Here at BCC, amidst the recent interest in Joseph Smith’s seerstone (here, here, and here), we’ve also been revisiting the Gospel Topics essays (here and here). Collectively, the Church’s decision to publish pictures of the seerstone (and let’s not forget that the pictures appear in a landmark edition of the printer’s manuscript of the Book of Mormon) and the publication of the essays all participate in an institutional trend toward transparency about the Church’s history. Although I personally applaud this trend, it admittedly also adds some complications to the already challenging project of building Zion.
The basic problem is that some members have known about most of this stuff for years, while it comes as a sometimes unpleasant surprise to others, some of whom have been taught that ideas now given the imprimatur of lds.org were anti-Mormon lies. This reality presents the urgent question of how these two groups of members (and all of the people in between) are to live together in Christian community. Sam has recently written about one approach to teaching these materials in a Church setting, and I wish to add some theological reflections to his pragmatic discussion.
I’ve been trying to figure out when “broken” became the new normal. I don’t remember the term “broken people” being thrown around much when I was a lad. We talked about broken homes, I remember, and sometimes an occasional broken family. But as far as I can tell, people didn’t get broken until sometime in the late 1990s. But now it seems that broken people are everywhere. And the phrase “we are all broken” seems to have become a favorite theme of Church talks from General Conference on down. [Read more…]
Some of life’s best examples of grace come through friendship, in little moments of surprise that remind us of the whole world that exists beyond ourselves. Sure, there are the graces that happen when strangers are unexpectedly kind, but what makes grace in friendship interesting is that we expect goodness from the other person. What is grace when kindness and generosity are the rule (even if moments of prickliness do intrude, as they will)? [Read more…]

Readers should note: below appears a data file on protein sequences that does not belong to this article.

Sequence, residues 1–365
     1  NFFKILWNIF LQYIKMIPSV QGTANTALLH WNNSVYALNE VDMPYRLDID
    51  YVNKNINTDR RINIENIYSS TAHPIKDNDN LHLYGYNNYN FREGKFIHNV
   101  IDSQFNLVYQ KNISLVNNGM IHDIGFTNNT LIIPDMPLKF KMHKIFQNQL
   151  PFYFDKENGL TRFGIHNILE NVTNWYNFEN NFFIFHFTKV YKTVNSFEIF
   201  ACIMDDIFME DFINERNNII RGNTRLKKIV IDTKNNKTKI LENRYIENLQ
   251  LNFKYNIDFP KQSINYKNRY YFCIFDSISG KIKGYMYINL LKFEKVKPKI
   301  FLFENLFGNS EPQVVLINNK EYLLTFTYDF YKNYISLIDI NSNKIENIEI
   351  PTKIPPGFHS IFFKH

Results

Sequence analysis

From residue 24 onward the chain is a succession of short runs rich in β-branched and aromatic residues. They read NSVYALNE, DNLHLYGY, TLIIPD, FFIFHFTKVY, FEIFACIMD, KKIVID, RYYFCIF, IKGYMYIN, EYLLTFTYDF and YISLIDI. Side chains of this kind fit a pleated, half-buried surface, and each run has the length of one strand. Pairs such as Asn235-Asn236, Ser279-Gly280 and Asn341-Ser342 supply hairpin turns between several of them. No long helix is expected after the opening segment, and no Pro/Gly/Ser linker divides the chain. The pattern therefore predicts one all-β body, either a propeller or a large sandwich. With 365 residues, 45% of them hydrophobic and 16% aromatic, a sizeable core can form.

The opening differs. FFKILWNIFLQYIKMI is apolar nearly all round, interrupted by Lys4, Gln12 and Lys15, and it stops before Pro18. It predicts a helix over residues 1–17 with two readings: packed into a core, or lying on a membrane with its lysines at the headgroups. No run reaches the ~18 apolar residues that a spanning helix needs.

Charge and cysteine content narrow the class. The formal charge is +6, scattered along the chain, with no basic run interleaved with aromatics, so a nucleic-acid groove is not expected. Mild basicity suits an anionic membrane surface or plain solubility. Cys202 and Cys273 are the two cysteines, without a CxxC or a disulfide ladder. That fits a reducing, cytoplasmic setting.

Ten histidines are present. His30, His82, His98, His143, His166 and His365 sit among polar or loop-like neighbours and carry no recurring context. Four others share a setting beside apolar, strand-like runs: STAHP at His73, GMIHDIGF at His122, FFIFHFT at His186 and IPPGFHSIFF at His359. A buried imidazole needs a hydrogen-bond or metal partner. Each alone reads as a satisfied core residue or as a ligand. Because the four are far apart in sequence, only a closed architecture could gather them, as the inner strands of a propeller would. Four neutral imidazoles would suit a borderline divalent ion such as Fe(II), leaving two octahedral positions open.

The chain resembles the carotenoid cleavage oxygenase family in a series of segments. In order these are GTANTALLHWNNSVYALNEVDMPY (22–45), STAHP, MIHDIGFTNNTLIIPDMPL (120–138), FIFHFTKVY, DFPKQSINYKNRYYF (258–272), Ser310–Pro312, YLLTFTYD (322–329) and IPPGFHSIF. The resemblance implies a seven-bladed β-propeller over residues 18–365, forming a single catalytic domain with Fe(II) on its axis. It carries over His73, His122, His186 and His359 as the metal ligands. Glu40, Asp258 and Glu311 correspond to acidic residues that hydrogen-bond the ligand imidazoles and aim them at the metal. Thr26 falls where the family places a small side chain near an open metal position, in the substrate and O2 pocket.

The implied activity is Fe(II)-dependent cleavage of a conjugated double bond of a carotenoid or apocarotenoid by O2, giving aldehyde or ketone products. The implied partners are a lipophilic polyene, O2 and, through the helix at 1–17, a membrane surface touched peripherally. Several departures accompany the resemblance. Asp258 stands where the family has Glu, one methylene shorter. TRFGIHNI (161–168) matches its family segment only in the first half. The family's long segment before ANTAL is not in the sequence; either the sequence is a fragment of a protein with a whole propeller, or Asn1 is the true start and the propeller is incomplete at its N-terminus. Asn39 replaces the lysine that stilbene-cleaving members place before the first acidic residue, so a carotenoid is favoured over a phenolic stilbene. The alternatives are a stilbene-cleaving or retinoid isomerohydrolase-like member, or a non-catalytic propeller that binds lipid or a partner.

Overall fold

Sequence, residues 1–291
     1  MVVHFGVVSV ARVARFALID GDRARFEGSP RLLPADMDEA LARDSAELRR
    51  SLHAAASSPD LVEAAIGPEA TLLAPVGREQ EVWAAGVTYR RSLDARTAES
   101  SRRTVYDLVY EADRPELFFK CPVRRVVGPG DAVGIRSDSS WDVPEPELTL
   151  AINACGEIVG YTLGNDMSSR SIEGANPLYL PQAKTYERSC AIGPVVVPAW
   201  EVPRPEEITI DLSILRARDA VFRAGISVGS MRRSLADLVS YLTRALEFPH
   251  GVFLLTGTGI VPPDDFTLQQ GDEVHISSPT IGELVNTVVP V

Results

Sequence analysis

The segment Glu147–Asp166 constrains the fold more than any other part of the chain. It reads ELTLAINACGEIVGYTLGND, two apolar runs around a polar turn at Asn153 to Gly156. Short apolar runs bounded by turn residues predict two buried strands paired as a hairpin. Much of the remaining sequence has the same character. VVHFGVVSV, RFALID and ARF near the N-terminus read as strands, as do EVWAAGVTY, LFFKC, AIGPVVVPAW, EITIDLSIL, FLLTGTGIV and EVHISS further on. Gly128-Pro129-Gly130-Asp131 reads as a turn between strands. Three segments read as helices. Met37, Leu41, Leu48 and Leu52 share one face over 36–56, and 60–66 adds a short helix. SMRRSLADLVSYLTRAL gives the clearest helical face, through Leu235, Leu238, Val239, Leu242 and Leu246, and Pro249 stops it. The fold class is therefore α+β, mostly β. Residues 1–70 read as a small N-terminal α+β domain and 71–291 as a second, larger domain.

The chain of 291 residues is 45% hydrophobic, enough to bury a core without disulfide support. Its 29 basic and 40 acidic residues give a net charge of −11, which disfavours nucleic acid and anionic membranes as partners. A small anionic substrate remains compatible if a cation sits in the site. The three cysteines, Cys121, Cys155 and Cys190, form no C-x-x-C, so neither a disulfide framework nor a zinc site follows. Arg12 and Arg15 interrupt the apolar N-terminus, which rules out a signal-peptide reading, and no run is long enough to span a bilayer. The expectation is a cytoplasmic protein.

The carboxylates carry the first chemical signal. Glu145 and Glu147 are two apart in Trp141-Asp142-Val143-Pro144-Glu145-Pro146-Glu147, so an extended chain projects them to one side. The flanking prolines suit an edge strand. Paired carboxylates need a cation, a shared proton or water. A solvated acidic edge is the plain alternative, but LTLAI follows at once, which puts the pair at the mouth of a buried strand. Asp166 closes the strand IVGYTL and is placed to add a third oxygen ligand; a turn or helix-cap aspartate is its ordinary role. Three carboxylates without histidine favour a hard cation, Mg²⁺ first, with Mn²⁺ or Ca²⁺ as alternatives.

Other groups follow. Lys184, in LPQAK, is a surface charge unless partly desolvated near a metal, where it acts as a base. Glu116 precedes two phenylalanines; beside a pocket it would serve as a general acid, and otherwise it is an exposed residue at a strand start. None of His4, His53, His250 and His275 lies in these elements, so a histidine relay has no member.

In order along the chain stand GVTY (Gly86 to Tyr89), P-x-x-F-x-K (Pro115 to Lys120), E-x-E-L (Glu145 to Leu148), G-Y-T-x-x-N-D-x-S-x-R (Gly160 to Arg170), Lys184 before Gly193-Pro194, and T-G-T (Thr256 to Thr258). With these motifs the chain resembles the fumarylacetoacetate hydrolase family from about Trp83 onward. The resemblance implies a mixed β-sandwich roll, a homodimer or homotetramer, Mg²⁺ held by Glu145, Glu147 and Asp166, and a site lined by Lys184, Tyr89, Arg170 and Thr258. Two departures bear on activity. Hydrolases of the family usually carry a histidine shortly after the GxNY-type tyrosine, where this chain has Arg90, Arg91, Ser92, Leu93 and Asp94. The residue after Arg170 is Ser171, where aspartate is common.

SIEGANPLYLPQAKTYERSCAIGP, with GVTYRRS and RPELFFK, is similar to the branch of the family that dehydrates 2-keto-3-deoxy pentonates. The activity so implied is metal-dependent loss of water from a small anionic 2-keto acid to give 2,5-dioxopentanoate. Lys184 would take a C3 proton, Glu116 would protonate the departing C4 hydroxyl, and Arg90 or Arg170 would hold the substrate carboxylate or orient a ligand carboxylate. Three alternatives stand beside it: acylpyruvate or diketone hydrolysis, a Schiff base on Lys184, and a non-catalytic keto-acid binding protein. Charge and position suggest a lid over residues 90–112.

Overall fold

Bishop Caussé opens his talk with a stunning acknowledgement about failing to pay attention: his family lived in Paris for 22 years without ever making time to visit the Eiffel Tower! Similarly, he suggests, we can all too easily miss occasions for spiritual wonder all around us. In a monitory tone, he says:
Our ability to marvel is fragile. Over the long term, such things as casual commandment-keeping, apathy, or even weariness may set in and make us insensitive to the most remarkable signs and miracles of the gospel.
Later, he quotes Marcel Proust by way of inviting us to undertake a wondrous spiritual journey made possible by the simple mechanism of paying attention: “The real voyage of discovery consists not in seeking new landscapes, but in having new eyes.” This quote marvelously captures both the “renewing of [the] mind” that Paul makes a consequence of grace and the spiritual riches that await those with eyes to see and ears to hear.
Adam S. Miller, Grace Is Not God’s Backup Plan: An Urgent Paraphrase of Paul’s Letter to the Romans (Self-published, 2015). Amazon: $8.99 paperback; $3.99 Kindle.
John Locke, in the preface to his posthumously published paraphrases of Paul’s letters, inveighs against the division of the text into chapters and verses because it hinders comprehension of the text as a unified whole. To understand Paul, Locke says, one ought to read the epistles in a single sitting, again and again, until the big picture begins to coalesce. This advice is the most difficult to implement with Romans, Paul’s longest and most complicated epistle, so a well-done paraphrase offers a way in.
Adam Miller’s new paraphrase sets out to address another obstacle: the difficulty that emerges in the culturally specific details and rhetorical tangles of Paul’s complex argument, which becomes only slightly less difficult when read in the NIV or NRSV than it was in the 400-year-old KJV. Miller, then, aims to “translate” Paul not just into a modern idiom, but into a modern context. Since he considers the message of Romans “urgent,” as his title proclaims, he strives to show the relevance of its argument for 21st century readers. [Read more…]